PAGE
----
Security the VAR's answer to service provider cloud dominance?

CRYPTOCard CEO Neil Hollister responds to our recent column, 'Being rational about resellers in the cloud' and suggests that security services could be the means by which resellers can take on the big service provider players.

Cryptocard CEO Neil Hollister responds to our recent column, 'Being rational about resellers in the cloud' and suggests that security services could be the means by which resellers can take on the big service provider players. 

In his February column, Billy MacInnes made some valid points about resellers and the cloud. Certainly it raises some questions for the channel but are they, as Private Frazer might say, 'doomed'?

I don't believe so. In fact, I think the security-as-a-service model offers the resellers the platform they need to take on service providers and win. What it comes down to is the right technology. You might be thinking, oh of course Cryptocard would say that, but just bear with me for a few moments and I'll explain.

Whatever industry your clients operate in, whether that be government, retail or financial, when it comes to security they all have one thing in common; increasing anxiety about identity theft and how that compromises their data and even reputation.

Every week we read about yet another company has been hacked, attacked or compromised in some way. The growth in mobility, remote working, Bring Your Own Device (BYOD) and putting apps into the cloud is only serving to further compound the problem.

Once a company has suffered a security breach it takes a lot of hard work to win back customer trust and rebuild the business. As a result, customers are looking at their security policies and thinking about how they can develop robust strategies for the modern, post PC era.

Whilst there is more acceptance at a corporate level that cloud technologies should be at the centre of future security strategies, the channel hasn't always had all the right answers. But security-as-a-service is the channel's answer to this challenge.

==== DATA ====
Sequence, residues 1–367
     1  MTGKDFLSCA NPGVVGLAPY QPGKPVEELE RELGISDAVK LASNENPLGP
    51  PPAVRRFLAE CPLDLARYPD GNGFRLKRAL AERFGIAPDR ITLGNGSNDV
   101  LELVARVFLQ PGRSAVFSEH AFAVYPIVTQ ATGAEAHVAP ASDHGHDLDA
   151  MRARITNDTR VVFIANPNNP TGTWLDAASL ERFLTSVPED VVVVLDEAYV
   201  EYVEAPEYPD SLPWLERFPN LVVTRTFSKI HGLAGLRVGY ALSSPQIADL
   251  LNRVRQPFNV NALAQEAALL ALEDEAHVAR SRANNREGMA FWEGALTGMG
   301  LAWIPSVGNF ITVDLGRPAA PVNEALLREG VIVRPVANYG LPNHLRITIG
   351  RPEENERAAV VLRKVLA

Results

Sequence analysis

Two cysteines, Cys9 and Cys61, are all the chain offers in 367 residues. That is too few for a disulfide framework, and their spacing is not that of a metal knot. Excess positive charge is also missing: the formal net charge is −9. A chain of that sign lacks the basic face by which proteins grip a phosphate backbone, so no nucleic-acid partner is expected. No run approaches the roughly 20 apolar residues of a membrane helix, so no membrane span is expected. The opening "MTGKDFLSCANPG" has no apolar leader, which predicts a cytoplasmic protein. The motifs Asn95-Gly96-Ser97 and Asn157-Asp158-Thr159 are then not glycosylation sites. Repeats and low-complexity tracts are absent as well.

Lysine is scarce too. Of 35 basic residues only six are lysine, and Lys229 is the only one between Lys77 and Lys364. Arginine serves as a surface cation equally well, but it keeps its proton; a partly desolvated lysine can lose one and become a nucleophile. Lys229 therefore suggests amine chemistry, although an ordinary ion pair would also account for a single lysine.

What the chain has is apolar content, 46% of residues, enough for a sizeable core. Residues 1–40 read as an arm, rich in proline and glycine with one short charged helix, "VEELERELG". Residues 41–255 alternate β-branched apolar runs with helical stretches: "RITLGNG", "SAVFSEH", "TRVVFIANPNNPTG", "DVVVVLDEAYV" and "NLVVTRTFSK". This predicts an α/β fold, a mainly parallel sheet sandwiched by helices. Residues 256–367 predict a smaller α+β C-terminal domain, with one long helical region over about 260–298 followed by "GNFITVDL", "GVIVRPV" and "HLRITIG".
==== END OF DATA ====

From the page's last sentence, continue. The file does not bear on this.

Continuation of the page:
For example, authentication-as-a-service provides more choice and flexibility about the types of tokens people use to access the corporate network from hardware to soft tokens such as SMS or apps delivered to iPhones, Android or Blackberry.

As a result the process of managing and maintaining authentication, which historically has been a barrier to adoption, has become highly automated. What used to take a whole team of people to deploy and manage thousands of tokens, can now be done by a reseller using their own servers and a small team. For the channel this is the opportunity they've been waiting for; with one single platform they can host their client's authentication infrastructure and scale it as required.

Very few resellers offer end user organisations the ability to remotely manage and configure their security as previously it has been viewed as complicated and expensive. But delivering security over the cloud breaks down those barriers. In the past resellers have worried that the cloud will mean having to find thousands of new customers. Whilst I can't speak for all security services provided over the cloud, I can say that authentication-as-a-service offers excellent annuity revenues and that the centralised management is helping many of the partners we work with to be seen as trailblazers by their clients.

I agree with Billy that whilst the cloud is now an established technology approach, companies will want to work with trusted partners to implement it in a way that is right for their business. This puts the channel on the front foot. What it then needs is the technology that delivers on two fronts. Firstly, it must create a more secure perimeter for their clients (otherwise what's the point?). And secondly it must deliver for their own business, allowing them to drive revenue and be competitive. 

The cloud doesn't mean the end for the channel, far from it. In fact, it must just reinvigorate it.

Read more on Data Protection Services